As you may remember, last week I promised my version of customization, a la The Great British Sewing Bee. I have been struck by the ‘flu this week ( boo!), so this is a little late coming to you but I love the outcome so much, I thought I’d share! I am also really proud of myself for finally starting to make a few more pieces of clothing for myself! After so many years making Costumes for films it’s a little hard to get back in to the swing of things… … I had made this Skirt from a Silk Linen mix I fell in love with and bought at McCulloch & Wallis when I lived in London. I am actually not all that fussed about the fabric any more- you think Silk is difficult to work with? Try Silk Linen, it moo-oooves!! But, I hate to waste it and decided that all I needed to do was shorten the length and it would be completely wearable again. After seeing what some of the contestants did last week with their Skirts, no way was I going to simply hem this! Unlike Patrick Grant, I rather like Scallops so I decided to re-hem with a Scallop edge. Here’s how I did it. First, I measured the new length, and cut the excess off of the bottom of the skirt. Next I made a loose pattern for the Scallop, to judge the correct depth. I then cut a Strip of fabric a little longer than the Skirt hem and a couple centimetres deeper than the Scallop. Next, I measured the correct length of the new hem (around the Skirt), and divided the width of the Scallop in to it. For example my hem measured 195cm and I wanted my Scallop to have a width of 10cm. This meant I could fit 19 Scallops around the hem, with a 5cm gap. Because I obviously didn’t want a gap, I decided to make my Scallop pattern 2mm wider to fit. Finally, I used the pattern to trace the Scallop on to the strip of fabric.
I used some coloured Tailors Chalk, so it was a little easier to see, then pinned the fabric- which is now a facing- on to the bottom of the skirt. Because this fabric was a little crazy to work with I pinned, smoothed out, and then pinned some more!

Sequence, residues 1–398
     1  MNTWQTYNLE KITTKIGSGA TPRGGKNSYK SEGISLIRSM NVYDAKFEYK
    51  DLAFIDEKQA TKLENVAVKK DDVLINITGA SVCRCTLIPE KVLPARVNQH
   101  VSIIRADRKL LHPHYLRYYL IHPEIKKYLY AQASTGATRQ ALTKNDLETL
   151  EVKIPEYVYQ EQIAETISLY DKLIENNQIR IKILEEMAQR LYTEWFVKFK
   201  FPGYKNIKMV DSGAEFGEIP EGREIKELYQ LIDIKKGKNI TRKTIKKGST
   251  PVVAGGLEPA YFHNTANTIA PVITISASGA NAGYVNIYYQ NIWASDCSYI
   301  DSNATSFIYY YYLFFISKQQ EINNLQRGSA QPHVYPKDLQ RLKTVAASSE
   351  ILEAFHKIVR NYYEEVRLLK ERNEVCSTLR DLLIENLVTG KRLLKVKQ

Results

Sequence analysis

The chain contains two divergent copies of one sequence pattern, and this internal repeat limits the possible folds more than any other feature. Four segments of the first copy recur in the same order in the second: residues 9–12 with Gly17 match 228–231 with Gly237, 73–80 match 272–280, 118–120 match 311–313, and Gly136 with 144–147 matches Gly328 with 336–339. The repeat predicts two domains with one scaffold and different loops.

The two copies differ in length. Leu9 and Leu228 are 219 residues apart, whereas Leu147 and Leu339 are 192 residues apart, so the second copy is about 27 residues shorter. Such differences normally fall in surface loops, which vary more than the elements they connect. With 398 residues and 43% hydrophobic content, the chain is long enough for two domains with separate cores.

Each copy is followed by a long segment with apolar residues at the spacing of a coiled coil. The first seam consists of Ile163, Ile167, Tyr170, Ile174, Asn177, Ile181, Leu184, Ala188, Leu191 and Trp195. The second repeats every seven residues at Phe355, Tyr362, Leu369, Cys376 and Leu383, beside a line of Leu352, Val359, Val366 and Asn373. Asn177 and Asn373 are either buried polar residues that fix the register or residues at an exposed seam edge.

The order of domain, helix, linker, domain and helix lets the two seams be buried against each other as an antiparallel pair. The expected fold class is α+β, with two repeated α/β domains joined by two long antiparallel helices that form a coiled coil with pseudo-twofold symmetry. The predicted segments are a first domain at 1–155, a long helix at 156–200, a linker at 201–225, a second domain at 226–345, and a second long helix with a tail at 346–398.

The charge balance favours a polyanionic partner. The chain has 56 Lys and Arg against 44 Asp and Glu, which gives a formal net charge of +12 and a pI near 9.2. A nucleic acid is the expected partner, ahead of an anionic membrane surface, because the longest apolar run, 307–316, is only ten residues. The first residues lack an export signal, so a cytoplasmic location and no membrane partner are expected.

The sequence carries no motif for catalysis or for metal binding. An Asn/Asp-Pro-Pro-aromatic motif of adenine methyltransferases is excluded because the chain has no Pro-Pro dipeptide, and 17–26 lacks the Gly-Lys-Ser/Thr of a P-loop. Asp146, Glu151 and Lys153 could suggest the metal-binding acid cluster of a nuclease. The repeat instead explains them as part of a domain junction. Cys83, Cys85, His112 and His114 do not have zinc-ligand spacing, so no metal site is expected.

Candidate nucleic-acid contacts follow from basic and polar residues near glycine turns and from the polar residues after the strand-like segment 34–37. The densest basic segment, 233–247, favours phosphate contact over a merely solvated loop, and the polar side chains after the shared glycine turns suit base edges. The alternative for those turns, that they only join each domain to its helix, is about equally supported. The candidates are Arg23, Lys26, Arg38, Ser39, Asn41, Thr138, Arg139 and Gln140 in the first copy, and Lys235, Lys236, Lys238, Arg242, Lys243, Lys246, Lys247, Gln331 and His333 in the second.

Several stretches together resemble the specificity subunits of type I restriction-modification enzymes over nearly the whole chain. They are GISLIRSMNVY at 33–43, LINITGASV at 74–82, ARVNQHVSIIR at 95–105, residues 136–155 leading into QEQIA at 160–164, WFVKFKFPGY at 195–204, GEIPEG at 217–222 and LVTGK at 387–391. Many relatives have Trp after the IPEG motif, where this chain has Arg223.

I then marked a point 2cm below the top of the Scallop (which you can see above). This is so I didn’t sew too far up the Scallop, which makes it difficult to turn out.
Lining the edge of the Presser Foot up with my drawn line, I then stitched around the Scallops. At the top, I stitched across by just a couple of stitches at most (the dotted line above).
After stitching around the entire hem, I trimmed each scallop and clipped right up in to the corner of each Scallop top. The further you can clip, the neater each will turn out…
Above shows a Scallop corner which hasn’t been clipped correctly. I always think it looks like you have accomplished something terrifically wrong! You just need to clip up in to the corner some more…
And above clearly illustrates how neat it looks when a corner is clipped properly! Lovely, isn’t it?
Next, press the hem whilst carefully helping each Scallop to turn out beautifully. I like to pin them to the ironing board to help out!
Back on the sewing machine, line your Zipper Foot (to stitch nice and close) up with the edge of the fabric and Top Stitch continuously around the edge of each Scallop. I have Top Stitched a little further away from the edge of the fabric than I normally would, but this was because the fabric was slipping and moving about too much and I wanted to steady it a little.
After giving everything another press, I turned the top edge of the facing over towards the back to hide all the raw edges, then hand stitched a hem and I was finished!
It’s a pretty quick fix for a Skirt, and makes a pretty edge whilst changing the look. I’m not sure what marks May would have given me but I like it!
Oh, and that is a Vintage Jones Sewing Machine being put to good use up there! I snaffled it for just £2 at a Summer Fete a couple years ago and it’s just lovely to work on!
Don’t forget I will be continuing to follow along with the Great British Sewing Bee as it happens. Watch out for posts on converting the A-Line Skirt Pattern to a pleated skirt, lapped Zips and piping tips.